“The travels nurse business is good, very dynamic, very busy, quite fluid,” said Aya Healthcare Executive Vice President April Hansen, RN, MSN. “However, there is definitely a shortage of qualified health practitioners in many areas. COVID-19 added a whole layer of demand.”
According to Hansen there are also areas which have been much less affected by the virus that are operating normally.
At AMN Healthcare, Landry Seedig, group president and COO, nursing & allied solutions said, “We are seeing heavy demand for ICU (intensive care unit and ER nurses, which has tripled in the past two weeks and tripled from the prior year.
Hansen said Aya sees demand increase each day in hot spots like New York City.
As far as demand goes, AMN listed its top nursing specialties in demand as: ICU, emergency room and telemetry. Aya said its top 3 are ICU, ER and medical surgical.
While both companies have always been careful in placement, the companies must take even greater precautions. Hansen says Aya checks with hospitals to see how set they are for PPE (personal protective equipment).
“Do they have masks?” Hansen said. “Do they have equipment to keep caregivers safe?”
Those questions take on a special urgency these days. We do have some PPE on hand and have distributed it to some clinicians who may have not felt safe, Hansen said.
Another level of safety comes from communications. Websites and online communications provide key connections for staff trying to stay healthy or just trying to navigate the intricacies of living in a new city.
The companies help where they can. Housing can be a challenge for any employee. AMN recognizes that. “We have the best housing team in the health care staffing industry,” Seedig said.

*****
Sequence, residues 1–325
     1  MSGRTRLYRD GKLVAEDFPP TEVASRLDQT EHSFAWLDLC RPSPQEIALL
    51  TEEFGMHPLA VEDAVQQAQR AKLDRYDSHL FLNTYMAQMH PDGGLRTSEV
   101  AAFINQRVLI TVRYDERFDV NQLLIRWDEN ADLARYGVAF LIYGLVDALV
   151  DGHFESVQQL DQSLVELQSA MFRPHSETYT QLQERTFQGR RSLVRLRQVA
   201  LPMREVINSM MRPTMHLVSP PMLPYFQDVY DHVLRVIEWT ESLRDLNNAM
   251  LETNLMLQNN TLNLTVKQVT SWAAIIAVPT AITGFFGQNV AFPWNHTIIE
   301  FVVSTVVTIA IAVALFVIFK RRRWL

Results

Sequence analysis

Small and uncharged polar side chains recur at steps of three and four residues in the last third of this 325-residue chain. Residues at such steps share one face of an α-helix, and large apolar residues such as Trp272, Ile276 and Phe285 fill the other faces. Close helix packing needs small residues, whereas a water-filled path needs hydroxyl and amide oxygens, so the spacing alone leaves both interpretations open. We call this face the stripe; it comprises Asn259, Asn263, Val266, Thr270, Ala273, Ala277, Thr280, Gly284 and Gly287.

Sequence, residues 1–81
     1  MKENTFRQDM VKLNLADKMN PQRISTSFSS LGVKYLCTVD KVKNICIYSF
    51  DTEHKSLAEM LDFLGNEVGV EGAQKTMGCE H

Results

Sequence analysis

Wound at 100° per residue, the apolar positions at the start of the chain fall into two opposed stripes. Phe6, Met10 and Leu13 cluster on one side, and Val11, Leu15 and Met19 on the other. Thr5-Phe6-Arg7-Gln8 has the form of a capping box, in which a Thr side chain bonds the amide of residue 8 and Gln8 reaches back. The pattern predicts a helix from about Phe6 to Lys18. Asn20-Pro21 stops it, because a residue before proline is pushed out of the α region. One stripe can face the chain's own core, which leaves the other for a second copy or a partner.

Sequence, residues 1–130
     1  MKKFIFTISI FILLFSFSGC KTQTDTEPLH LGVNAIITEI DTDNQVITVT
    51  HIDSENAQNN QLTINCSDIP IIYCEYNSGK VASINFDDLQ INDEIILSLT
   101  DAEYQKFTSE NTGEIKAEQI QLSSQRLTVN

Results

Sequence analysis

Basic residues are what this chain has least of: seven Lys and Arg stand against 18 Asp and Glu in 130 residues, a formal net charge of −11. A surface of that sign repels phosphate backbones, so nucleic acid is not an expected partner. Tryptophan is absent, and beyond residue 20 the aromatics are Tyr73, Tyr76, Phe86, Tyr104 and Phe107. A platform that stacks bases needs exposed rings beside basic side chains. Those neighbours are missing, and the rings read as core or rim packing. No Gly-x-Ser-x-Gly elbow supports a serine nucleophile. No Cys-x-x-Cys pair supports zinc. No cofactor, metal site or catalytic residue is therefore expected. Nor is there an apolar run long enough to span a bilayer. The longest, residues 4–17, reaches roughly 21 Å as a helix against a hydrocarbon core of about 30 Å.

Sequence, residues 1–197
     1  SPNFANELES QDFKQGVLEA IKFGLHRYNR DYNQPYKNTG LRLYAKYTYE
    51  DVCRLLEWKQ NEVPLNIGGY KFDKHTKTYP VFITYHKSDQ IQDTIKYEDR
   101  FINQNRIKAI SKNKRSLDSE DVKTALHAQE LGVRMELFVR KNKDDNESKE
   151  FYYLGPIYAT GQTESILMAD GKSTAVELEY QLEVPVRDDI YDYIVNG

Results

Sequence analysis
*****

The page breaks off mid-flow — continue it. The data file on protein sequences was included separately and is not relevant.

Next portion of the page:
When asked about reluctance to travel in these times, AMN’s Seedig said he finds a reluctance to sit by. “In less than two weeks’ time, we had over 18,000 health care professional ‘hand raisers’ come to us to help them find ways of serving,” Seedig said. “These are nurses, physicians, and allied health professionals who have raised their hand to serve in hospital and other facilities treating COVID-19 patients.”
Hansen said she has seen both volunteers and those who are reluctant. “It is a standard Bell Curve,” Hansen said. “There are reluctant folks. Perhaps they have a condition and don’t want to increase their risk profile. On the opposite side, we see those who are jumping in willingly. That affirms what we all know of nurses, and it makes us really proud of whom we represent.”
Seedig likened the clinicians to “smokejumpers parachuting in to stop a wildfire.”
With an increase in danger has come an increase in pay.
AMN said pay rates for its professionals are in the “normal realm for crisis rates.”
“It is important to remember people go into health care because they want to help,” Seedig said.
Aya said pay depends mostly on how quick one needs to get there, what kind of work and how risky. “For the normal markets, there is no need for change in pay or benefits,” Hansen said. Of course, some really in-demand positions such as respiratory therapist create a national market for the position.
The Local Picture
Fortunately, San Diego has not been swamped by demand for COVID-19 needs. Hansen is confident local health care professionals are ready. “We’ve been working since early February with clients preparing and ensuring they have all the right needs and resources, as well,” Hansen said. “So far. We have not seen an incredible rise in demand, but we have seen preparedness, a high level of preparedness.
“Bar none some amazing professional are leading preparedness in the community” she said.
Both AMN and Aya see a need for change after the crisis is over. The ease with which both companies adapted to a complete environment of working remotely may make that change a permanent reality.
“…There are important national policy and regulatory changes we need, including national licensure so that health care professional can go wherever they are needed as quickly as possible,” Seedig said. He also advocated removing roadblocks to telehealth.
Hansen sees a new model. “We need to look at the process, throw what doesn’t work out the window and be entrepreneurs at our company every day.”